Mail Archives: djgpp/2000/04/17/05:32:30

Date: Mon, 17 Apr 2000 10:19:50 +0200 (IST)
From: Eli Zaretskii <eliz AT is DOT elta DOT co DOT il>
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To: "Alexei A. Frounze" <alex DOT fru AT mtu-net DOT ru>
cc: djgpp AT delorie DOT com
Subject: Re: inefficiency of GCC output code & -O problem
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On Sun, 16 Apr 2000, Alexei A. Frounze wrote:

> > So what I would suggest would be to write the entire (or as much code as
> > possible) using C..then you can run gprof and see which routines are
> > taking up the most cpu time...and belive me you will be surprised...
> > *then* you can decide on what routines to optimise or not...
> No, I won't be surprised.

IMHO, it's hardly a good idea to ignore the accumulated experience of
many programmers, including such able programmers as Jon Bentley and
Don Knuth.  Everyone who has ever tried to use a profiler will tell
you that more often than not, the results are surprising.

Those who think they know better where their program spends most of
its time, are bound to rediscover the truth through their own bitter
experience.  The ``bitter experience'' in this case is to spend many
hours optimizing some code to death, only to discover that the program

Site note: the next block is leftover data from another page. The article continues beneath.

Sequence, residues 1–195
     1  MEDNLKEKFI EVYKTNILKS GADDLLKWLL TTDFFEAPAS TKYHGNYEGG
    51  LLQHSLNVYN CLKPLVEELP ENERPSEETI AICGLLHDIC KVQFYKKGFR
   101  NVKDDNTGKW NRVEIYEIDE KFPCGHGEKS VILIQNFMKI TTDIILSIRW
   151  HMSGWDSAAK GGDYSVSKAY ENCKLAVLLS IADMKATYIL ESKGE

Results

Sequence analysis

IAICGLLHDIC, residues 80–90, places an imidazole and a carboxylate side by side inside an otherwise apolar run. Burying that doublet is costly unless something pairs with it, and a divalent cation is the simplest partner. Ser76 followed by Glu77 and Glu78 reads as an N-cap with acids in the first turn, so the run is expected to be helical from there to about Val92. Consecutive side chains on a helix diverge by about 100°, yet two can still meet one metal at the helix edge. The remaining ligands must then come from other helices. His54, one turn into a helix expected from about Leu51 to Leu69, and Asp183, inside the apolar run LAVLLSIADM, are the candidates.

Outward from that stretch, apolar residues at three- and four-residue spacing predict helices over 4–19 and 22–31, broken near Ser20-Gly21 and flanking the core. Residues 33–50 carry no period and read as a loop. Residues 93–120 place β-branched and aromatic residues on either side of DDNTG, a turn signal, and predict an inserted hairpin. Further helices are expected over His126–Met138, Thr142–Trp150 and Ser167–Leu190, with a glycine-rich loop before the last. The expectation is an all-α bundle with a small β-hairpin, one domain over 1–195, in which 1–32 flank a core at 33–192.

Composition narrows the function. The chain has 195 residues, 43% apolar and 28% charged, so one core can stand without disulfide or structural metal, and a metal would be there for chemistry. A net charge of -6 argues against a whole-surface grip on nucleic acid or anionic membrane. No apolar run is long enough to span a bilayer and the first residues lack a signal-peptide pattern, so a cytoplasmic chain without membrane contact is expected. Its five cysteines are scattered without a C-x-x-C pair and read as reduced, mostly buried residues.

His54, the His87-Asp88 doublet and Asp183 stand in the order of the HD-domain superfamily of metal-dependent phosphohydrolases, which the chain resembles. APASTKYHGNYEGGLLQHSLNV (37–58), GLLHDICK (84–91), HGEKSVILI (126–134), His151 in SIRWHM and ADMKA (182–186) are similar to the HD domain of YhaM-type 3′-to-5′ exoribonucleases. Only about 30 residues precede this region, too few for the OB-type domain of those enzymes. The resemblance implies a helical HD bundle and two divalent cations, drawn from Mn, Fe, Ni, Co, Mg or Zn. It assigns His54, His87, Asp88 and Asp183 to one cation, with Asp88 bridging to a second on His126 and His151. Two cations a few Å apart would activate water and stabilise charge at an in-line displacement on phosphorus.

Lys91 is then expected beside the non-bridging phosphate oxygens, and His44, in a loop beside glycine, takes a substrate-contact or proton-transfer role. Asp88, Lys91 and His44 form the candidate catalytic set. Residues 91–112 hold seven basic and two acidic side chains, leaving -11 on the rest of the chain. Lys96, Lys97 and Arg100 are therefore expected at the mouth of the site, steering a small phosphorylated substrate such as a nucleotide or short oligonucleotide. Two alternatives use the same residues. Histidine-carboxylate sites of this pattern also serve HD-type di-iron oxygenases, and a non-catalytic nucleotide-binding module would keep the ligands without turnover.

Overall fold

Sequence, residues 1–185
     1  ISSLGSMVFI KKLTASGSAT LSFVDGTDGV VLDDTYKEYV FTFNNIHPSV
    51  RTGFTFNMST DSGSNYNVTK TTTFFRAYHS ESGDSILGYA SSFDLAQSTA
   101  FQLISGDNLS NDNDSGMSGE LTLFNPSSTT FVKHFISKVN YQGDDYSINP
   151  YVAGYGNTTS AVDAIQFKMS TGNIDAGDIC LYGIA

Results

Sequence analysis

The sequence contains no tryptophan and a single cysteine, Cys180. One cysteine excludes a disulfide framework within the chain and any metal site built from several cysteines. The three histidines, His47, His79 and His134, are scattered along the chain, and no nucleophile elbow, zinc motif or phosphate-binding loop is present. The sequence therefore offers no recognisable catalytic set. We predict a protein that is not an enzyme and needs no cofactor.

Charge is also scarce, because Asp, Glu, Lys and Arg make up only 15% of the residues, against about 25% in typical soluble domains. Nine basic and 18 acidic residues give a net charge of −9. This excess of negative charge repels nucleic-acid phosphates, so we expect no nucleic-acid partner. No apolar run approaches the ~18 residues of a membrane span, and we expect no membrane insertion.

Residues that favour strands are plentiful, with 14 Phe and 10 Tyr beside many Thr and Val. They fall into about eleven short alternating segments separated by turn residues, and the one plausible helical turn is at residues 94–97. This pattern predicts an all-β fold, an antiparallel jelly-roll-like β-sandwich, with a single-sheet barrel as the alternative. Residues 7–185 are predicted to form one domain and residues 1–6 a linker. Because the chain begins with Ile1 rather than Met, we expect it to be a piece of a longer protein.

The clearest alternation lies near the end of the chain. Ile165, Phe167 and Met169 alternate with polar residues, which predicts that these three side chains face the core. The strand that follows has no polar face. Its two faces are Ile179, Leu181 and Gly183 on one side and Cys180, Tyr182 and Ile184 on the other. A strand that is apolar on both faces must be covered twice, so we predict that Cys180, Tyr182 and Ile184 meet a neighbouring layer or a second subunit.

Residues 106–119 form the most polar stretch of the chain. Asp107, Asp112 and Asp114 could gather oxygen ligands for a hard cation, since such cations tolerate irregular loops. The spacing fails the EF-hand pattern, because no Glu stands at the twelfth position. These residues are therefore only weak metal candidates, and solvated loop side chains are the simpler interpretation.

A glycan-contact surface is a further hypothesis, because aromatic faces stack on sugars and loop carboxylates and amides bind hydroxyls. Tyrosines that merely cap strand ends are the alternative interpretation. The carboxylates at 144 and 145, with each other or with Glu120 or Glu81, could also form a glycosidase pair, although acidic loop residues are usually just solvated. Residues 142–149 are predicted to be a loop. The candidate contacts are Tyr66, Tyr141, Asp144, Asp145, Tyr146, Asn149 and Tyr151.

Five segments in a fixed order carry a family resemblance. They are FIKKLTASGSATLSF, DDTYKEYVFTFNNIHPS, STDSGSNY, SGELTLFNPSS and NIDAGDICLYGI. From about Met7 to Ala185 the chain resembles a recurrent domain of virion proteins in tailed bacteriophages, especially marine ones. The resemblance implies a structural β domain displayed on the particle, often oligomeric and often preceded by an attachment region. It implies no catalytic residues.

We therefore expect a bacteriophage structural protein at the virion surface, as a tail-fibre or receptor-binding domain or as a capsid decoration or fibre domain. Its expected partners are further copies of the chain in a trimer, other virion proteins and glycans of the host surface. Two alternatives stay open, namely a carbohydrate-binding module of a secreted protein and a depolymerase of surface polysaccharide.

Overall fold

was sped up by 5%...

Did you profile your program?  If not, why not?  The profiler sits
right in your bin subdirectory, waiting to be used.  At the very
worst, it will show you that your expectations were correct, so what
do you have to lose, exc except a recompile and a few moments reading
the profile?

> > And also I find that surprisingly enough a good optimizing compiler
> > produces faster code than a hadwritten assembly sequence. Because the
> > compiler can optimize the output of the C code taking in to advatage the
> > cpu characteristics of various x86 architectures...
> Not really. The inner loop in my tmapper can not be written in pure C. Belive
> me. No one compiler figure out such a trick as used in my ASM module.

The usual rule of thumb is that the most clever assembly code can
yield a speed-up of 30-50% at the most.  If you are not talking about
the single inner-most loop of your program, the net effect on the
program will not be too profound.

The profiler is the proper tool to judge that.

> I'm sure advanced programmer is much more clever than a compiler.
> At least I treat myself as an advanced one and usually this is proved by the
> achieved results.

IMHO, you should look at the code produced by GCC more often, to put
this into a proper perspective.

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